Just days after Raynor Winn learns that Moth, her husband of thirty-two years, is terminally ill, their house and farm are taken away, along with their livelihood. With nothing left and little time, they make the brave and impulsive decision to walk the 630 miles of England’s sea-swept South West Coast Path.
August 10 – Online Meeting Via Zoom – The Beekeeper of Aleppo by Christy Lefteri (2019) fiction.
Nuri is a beekeeper; his wife, Afra, an artist. They live a simple life, rich in family and friends, in the beautiful Syrian city of Aleppo–until the unthinkable happens. When all they care for is destroyed by war, they are forced to escape.
September 14 – Online Meeting Via Zoom – The Library Book by Susan Orlean (2018) nonfiction.
Chronicles the Los Angeles Public Library fire and its aftermath to showcase the larger, crucial role that libraries play in our lives; delves into the evolution of libraries across the country and around the world, from their humble beginnings as a metropolitan charitable initiative to their current status as a cornerstone of national identity.
October 12 – Online Meeting Via Zoom – Year of Wonders: A Novel of the Plague by Geraldine Brooks (2001) fiction.
Based on the true story of the English village of Eyam, Year of Wonders chronicles the year 1665-1666, in which the community was infected by the bubonic plague and a fictional housemaid named Anna Frith emerges as an unlikely heroine and healer.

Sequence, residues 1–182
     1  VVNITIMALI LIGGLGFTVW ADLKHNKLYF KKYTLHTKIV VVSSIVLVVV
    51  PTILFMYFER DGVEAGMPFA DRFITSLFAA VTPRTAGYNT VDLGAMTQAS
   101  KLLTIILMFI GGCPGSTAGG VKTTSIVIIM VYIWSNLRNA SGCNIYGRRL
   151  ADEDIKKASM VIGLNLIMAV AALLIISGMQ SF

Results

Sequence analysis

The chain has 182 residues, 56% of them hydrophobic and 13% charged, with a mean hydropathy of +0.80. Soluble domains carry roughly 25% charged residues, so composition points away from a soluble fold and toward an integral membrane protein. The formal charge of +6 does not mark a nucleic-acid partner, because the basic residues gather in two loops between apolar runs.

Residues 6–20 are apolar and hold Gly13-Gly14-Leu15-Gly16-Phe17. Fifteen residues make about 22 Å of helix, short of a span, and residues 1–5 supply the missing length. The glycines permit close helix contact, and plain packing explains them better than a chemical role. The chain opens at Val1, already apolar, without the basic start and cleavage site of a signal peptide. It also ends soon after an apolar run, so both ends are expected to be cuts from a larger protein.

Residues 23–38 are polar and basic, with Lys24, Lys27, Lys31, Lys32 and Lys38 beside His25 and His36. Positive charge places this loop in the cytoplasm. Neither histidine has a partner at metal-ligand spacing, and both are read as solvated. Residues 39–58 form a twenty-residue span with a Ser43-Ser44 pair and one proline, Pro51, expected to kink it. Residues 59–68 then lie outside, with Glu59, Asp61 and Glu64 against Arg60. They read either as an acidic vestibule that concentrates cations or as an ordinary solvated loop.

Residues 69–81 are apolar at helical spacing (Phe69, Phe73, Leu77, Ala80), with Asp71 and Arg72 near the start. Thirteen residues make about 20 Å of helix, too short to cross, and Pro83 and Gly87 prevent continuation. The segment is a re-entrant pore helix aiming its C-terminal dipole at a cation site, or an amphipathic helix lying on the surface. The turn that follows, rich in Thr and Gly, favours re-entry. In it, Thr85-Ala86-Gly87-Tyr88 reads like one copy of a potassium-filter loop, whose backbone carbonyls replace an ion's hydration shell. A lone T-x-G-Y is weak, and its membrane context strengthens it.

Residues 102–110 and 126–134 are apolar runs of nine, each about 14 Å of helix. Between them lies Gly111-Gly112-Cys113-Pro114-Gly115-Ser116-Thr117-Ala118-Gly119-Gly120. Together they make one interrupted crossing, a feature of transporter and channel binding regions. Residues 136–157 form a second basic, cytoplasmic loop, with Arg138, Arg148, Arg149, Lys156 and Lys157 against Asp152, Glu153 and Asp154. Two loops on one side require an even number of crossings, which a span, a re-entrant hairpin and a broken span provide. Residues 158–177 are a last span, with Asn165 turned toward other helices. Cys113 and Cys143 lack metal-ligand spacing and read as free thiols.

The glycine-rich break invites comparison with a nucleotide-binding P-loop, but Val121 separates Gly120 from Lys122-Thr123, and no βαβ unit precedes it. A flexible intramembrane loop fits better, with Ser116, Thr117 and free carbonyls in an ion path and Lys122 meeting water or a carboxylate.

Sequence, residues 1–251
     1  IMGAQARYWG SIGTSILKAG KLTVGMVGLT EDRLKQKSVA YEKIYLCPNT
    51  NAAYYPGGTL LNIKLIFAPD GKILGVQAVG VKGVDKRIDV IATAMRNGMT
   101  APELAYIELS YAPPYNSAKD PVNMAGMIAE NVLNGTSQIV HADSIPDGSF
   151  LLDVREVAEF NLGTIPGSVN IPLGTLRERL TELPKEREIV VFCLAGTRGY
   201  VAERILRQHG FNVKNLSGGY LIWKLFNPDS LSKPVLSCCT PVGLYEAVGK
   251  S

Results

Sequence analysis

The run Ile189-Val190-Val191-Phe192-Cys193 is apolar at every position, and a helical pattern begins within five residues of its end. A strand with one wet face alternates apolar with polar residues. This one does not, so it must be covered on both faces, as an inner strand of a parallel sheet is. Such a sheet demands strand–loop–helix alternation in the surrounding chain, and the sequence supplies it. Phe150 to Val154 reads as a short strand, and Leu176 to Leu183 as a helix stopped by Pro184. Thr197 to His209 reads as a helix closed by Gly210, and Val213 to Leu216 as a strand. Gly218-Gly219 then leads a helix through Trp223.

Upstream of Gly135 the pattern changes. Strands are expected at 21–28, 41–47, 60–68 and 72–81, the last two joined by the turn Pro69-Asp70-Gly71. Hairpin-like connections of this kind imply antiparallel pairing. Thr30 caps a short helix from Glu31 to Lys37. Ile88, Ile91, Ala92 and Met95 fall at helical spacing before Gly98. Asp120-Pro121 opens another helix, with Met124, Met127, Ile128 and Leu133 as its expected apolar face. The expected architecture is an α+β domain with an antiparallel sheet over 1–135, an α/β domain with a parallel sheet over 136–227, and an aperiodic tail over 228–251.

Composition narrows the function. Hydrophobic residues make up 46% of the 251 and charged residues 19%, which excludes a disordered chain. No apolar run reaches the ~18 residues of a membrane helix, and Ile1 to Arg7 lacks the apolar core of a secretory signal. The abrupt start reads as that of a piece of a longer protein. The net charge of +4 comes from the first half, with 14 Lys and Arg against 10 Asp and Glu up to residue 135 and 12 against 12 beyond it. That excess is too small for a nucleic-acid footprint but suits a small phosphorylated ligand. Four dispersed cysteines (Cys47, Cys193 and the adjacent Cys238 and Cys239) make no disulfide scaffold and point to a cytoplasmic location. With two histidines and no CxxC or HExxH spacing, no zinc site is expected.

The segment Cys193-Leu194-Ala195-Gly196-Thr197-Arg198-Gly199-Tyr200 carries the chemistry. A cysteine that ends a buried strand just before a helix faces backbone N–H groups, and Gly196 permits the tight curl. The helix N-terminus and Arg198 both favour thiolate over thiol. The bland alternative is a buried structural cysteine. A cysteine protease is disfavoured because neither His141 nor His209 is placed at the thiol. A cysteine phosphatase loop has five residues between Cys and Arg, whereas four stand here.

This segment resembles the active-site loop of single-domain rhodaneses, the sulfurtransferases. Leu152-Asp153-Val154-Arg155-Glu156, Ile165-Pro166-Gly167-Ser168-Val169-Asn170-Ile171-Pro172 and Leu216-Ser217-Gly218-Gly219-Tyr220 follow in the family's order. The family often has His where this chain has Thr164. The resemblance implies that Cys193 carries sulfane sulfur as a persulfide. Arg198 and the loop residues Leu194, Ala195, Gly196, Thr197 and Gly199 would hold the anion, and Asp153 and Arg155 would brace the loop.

November 9 – Online Meeting Via Zoom – Half Broke: A Memoir by Ginger Gaffney (2020) nonfiction.
A top-ranked horse trainer’s life-affirming memoir that offers profound insight into the fascinating ways both horses and humans seek relationships to survive.
December 14 – Online Meeting Via Zoom – On Earth We’re Briefly Gorgeous by Ocean Vuong (2019) fiction.
A letter from a son to a mother who cannot read. Written when the speaker, Little Dog, is in his late twenties, the letter unearths a family’s history that began before he was born—a history whose epicenter is rooted in Vietnam—and serves as a doorway into parts of his life his mother has never known.
Click to see books chosen for 2020
January 14 – A Piece of the World by Christina Baker Kline (2017) fiction.
Imagines the life story of Anna Christina Olson, the subject of Andrew Wyeth’s painting “Christina’s World,” describing the simple life she led on a remote Maine farm, her complicated relationship with her family, and the illness that incapacitated her.
February 11 – The Monk of Mokha by Dave Eggers (2018) nonfiction.